There are several scenarios that might play out in the next few months. Woodford will seek to reposition the portfolio during the suspension, for example to dispose of unquoted stocks and the best case will be that the fund will reopen to dealing in the near future. If Woodford rediscovers his touch we may see positive investment returns in the medium to long term. The worst case scenario is the fund is in terminal decline and will be wound up. Investors will be paid out, in most cases realising significant losses. Another option is the fund could convert to an investment trust, a closed end structure which protects the assets of the fund if investors want to sell their shares. This will be explained in part two of my coverage of investment trusts. Until we know the direction that events will take there is not much more to say. There is nothing we can do at this time.

So what lessons are there from this episode? Star managers can and do lose their Midas touch. That said I cannot recall a fund manager that has had such a spectacular fall from grace as Neil Woodford has. Secondly it is clear IFAs, like myself do occasionally recommend funds that turn out to be duds or even basket cases – disappointing for clients and embarrassing for advisers. I too am an investor in the fund.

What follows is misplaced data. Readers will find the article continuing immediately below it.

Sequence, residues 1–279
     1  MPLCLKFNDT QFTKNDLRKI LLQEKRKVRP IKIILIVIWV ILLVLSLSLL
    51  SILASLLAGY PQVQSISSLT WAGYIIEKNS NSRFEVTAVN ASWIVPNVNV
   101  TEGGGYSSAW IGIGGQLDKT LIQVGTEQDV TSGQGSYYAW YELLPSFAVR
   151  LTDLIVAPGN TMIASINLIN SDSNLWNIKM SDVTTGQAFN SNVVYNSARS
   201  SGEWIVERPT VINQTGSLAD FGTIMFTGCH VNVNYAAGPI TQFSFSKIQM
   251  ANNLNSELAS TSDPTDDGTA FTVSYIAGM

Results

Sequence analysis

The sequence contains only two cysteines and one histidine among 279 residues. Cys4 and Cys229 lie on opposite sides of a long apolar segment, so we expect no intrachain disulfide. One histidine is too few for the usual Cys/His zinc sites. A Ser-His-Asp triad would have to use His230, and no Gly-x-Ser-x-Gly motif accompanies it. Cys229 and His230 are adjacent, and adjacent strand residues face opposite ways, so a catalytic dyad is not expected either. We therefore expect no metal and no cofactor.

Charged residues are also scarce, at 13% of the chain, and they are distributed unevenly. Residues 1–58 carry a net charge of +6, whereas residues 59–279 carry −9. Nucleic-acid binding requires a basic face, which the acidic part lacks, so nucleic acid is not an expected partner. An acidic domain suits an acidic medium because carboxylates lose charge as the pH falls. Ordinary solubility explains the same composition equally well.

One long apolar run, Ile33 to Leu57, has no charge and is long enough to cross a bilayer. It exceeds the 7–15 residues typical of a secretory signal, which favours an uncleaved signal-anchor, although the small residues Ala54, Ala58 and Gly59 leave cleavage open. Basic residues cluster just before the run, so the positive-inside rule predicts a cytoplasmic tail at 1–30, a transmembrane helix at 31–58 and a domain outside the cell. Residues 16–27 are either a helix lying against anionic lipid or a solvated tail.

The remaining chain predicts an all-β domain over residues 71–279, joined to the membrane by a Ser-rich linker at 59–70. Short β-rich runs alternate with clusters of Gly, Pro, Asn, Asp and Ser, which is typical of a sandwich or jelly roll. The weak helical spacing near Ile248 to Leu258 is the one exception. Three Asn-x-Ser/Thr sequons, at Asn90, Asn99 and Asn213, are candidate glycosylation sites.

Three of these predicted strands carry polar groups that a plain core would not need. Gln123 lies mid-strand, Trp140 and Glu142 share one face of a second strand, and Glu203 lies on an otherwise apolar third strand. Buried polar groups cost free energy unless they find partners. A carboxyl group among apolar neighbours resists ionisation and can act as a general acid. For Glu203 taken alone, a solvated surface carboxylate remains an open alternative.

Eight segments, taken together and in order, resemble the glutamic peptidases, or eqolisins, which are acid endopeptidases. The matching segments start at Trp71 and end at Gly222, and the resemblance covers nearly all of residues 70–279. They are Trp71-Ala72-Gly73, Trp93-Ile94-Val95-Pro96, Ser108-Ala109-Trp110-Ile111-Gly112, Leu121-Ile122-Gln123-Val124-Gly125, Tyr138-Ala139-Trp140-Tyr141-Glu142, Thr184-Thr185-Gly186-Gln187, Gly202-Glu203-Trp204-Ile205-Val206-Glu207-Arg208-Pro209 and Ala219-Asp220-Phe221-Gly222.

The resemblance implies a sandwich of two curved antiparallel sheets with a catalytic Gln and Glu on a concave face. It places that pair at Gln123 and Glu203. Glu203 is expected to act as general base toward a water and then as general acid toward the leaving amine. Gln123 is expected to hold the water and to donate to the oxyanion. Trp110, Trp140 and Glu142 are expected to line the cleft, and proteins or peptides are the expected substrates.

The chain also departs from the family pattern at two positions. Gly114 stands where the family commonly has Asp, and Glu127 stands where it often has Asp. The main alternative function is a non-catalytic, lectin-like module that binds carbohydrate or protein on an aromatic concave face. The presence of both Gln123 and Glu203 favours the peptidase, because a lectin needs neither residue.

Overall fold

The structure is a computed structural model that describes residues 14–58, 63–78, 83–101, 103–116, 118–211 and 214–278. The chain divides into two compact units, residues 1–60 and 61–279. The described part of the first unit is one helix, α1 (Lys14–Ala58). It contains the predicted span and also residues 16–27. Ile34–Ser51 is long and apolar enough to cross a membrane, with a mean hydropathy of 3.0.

At a broader level some will suggest this is a nail in the coffin of active fund management and that investors would be better off solely investing in low cost index trackers or Exchange Traded Funds (ETFs). I beg to differ but that is whole new issue. I do by the way recommend passive funds on occasions. Finally there may be calls for better regulation of fund managers whilst claims management companies may see a new business opportunity in seeking redress, now the PPI debacle is coming to an end in August.

This is an example of fund manager risk, one which can be rarely predicted and a reason why it is essential to diversify a portfolio.